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Cambridge Jazz Festival returns to Danehy Park

Event features local and global performing artists, food trucks, mobile jazz museum

Celina Colby
Celina Colby is an arts and travel reporter with a fondness for Russian novels.... VIEW BIO
Cambridge Jazz Festival returns to Danehy Park
Puerto Rican percussionist Eguie Castrillo. PHOTO: COURTESY OF THE CAMBRIDGE JAZZ FESTIVAL

For eight years Ron Savage and Larry Ward, founders of the Cambridge Jazz Foundation, have brought vibrant, free live music to the public during the annual Cambridge Jazz Festival. The beloved event returns this weekend featuring Mozambican performer Albino Mbie, Puerto Rican percussionist Eguie Castrillo, Grammy Award-winning Panamanian pianist Danilo Pérez and many more.

“I felt like we deserved to have an event in our community that celebrates the art form and celebrated the tremendous musicians who live in this area,” says Savage. He says he and Ward were inspired to launch the event after noticing that many Boston area musicians were performing at the Newport Jazz Festival, but had no outlet closer to home.

Albino Mbie will perform at the Cambridge Jazz Festival. PHOTO: COURTESY OF THE ARTIST

New this year, the festival is partnering with Becoming a Man (BAM) and Working on Womanhood (WOW), two local organizations that provide guidance and personal growth opportunities to at-risk young people in Boston. The students from the program will be leading volunteer groups during the festival, guiding guests to various platforms and activities, managing access to the first aid tent and senior citizen seating area and performing other duties. Many of these young people have been involved in the planning of the festival for months. 

On Sunday, Grammy Award winner Terri Lyne Carrington will direct a performance of the Berklee Institute of Jazz and Gender Justice Ensemble, made up of students and faculty members of the institute. Providing a platform for both BIPOC and female jazz performers has been a longstanding part of Savage and Ward’s mission. “Jazz festivals themselves, there are very few led by people of color,” says Savage. “It’s important that we do our part to make sure that there’s a level playing field.” 50% of the festival’s performers are women and 50% of the headliners in the festival’s history have been women.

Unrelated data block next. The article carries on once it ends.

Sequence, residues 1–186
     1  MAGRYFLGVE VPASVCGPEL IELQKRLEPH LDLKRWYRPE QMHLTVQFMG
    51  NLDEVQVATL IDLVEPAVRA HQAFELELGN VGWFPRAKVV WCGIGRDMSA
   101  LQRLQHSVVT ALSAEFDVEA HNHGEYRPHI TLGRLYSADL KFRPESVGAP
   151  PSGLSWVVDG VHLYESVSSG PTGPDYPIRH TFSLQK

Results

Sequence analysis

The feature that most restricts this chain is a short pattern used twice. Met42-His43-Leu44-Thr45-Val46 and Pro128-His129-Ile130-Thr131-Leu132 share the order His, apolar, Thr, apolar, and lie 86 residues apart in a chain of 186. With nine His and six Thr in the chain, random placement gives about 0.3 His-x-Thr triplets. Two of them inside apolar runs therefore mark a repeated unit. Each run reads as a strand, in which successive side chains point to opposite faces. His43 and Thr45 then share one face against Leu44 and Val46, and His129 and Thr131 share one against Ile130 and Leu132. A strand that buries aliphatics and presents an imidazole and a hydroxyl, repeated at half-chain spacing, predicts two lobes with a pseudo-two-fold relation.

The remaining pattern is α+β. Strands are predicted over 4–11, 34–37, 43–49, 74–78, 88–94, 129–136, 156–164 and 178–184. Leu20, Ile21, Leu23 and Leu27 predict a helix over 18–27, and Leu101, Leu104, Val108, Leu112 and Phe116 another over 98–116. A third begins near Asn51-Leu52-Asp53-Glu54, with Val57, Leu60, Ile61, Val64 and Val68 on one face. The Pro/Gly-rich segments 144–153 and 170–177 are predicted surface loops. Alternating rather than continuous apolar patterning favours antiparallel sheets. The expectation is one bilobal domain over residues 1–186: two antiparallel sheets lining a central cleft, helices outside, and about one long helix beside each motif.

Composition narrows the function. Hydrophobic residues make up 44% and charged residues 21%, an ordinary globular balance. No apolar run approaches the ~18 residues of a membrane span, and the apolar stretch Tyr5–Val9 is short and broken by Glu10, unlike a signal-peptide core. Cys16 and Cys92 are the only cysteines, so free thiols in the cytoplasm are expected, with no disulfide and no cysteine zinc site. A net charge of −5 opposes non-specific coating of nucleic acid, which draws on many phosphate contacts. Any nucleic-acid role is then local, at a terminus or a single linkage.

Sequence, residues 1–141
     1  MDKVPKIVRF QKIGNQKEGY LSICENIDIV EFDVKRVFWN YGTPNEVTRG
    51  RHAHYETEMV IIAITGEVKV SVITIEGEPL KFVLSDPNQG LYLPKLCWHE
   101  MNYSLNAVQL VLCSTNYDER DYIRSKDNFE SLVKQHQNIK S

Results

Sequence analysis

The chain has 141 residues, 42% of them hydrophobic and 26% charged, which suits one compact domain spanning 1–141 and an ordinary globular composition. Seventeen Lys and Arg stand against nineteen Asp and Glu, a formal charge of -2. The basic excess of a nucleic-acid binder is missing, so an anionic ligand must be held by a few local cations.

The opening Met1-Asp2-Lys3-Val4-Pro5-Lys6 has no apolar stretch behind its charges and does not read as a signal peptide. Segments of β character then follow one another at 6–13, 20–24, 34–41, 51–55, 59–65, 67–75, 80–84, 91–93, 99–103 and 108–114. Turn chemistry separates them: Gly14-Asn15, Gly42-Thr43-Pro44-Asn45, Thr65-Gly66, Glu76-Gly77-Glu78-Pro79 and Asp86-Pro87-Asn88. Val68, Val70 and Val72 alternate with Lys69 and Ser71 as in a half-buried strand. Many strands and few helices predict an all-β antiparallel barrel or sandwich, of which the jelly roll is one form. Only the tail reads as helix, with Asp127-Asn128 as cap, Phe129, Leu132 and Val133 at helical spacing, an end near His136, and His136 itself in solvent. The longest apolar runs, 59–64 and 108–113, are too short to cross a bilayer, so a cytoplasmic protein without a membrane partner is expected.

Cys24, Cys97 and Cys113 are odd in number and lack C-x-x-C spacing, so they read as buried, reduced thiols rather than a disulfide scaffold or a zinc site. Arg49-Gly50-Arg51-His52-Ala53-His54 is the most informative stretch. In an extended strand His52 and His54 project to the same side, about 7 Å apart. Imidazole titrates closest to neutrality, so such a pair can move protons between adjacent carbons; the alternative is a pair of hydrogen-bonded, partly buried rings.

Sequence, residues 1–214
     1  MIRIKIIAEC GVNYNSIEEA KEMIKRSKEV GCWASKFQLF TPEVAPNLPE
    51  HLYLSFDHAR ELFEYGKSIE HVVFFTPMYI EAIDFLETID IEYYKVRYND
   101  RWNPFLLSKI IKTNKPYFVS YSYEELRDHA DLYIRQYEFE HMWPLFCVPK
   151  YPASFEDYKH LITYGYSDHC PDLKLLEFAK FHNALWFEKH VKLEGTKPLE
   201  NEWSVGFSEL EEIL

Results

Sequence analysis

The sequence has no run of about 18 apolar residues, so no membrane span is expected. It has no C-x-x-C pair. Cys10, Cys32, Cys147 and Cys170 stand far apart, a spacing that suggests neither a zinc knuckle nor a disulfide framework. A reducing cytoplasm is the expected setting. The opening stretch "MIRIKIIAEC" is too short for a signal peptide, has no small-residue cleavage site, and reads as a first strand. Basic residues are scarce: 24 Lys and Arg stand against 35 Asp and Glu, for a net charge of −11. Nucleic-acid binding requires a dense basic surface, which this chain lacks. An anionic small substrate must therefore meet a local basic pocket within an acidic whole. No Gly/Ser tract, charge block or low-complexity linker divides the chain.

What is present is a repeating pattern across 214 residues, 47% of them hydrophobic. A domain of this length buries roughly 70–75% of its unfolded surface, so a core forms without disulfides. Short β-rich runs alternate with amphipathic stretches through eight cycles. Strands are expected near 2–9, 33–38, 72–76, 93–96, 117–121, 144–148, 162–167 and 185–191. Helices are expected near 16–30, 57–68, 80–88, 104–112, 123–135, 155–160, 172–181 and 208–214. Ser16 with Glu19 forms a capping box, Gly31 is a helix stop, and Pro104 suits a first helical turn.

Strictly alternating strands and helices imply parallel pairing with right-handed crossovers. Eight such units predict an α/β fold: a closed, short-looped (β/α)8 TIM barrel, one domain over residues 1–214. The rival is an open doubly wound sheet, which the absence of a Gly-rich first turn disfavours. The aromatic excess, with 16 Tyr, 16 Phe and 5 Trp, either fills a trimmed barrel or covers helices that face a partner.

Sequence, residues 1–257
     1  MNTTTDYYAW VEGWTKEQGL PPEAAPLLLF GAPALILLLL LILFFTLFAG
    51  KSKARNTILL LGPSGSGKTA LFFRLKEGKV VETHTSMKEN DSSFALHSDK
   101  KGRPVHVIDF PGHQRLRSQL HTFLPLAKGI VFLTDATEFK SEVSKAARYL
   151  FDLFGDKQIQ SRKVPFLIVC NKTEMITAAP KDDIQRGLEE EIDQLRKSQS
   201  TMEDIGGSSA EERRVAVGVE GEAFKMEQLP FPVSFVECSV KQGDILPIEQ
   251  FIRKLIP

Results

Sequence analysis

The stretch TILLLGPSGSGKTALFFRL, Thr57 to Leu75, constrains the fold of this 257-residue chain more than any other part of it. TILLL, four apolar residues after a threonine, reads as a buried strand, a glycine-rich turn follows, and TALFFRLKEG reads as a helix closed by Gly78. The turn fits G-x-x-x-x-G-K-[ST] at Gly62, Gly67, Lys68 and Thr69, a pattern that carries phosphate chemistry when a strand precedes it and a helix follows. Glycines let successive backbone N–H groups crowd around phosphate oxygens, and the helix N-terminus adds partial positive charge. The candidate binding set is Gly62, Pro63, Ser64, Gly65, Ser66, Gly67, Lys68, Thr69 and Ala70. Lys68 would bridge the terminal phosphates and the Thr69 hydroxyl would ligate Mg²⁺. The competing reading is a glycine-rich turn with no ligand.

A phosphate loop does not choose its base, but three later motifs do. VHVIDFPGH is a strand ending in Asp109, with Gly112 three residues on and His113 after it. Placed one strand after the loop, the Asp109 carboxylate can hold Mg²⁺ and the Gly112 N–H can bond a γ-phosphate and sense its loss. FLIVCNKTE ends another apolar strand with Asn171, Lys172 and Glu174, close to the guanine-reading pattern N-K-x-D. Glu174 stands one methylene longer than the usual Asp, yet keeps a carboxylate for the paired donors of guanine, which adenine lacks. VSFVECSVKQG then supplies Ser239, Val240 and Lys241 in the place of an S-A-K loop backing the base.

Prior to the festival itself, the Cambridge Jazz Foundation will host their annual gala. This year the gala honors Andrea Campbell, attorney general of Massachusetts. Campbell was the first African American woman to win a statewide office.

Boston-based Panamanian singer and songwriter Gaby Cotter. PHOTO: COURTESY OF THE ARTIST

“We are ecstatic to recognize Ms. Campbell at this year’s gala,” said Ward. “She’s faced incredible odds and challenges throughout her life and has turned her personal trauma into purpose while inspiring others with her story.”

The Cambridge Jazz Festival takes place at Danehy Park July 29 and 30, starting at 12:30 p.m. on both days. In addition to a full afternoon of live music, guests can peruse a marketplace of diverse local vendors, sample snacks from food trucks, explore the festival’s Mobile Jazz Museum, sip a brew in the on-site beer garden and take advantage of the family-friendly children’s area. The festival is free and open to all.

Music is the core of this festival, but it goes far beyond entertainment. “We wanted to use jazz as a platform to uplift the community,” says Savage. “That’s the whole point of jazz, to feel free to be able to express yourself.”

arts, cambridge Jazz festival, jazz, music
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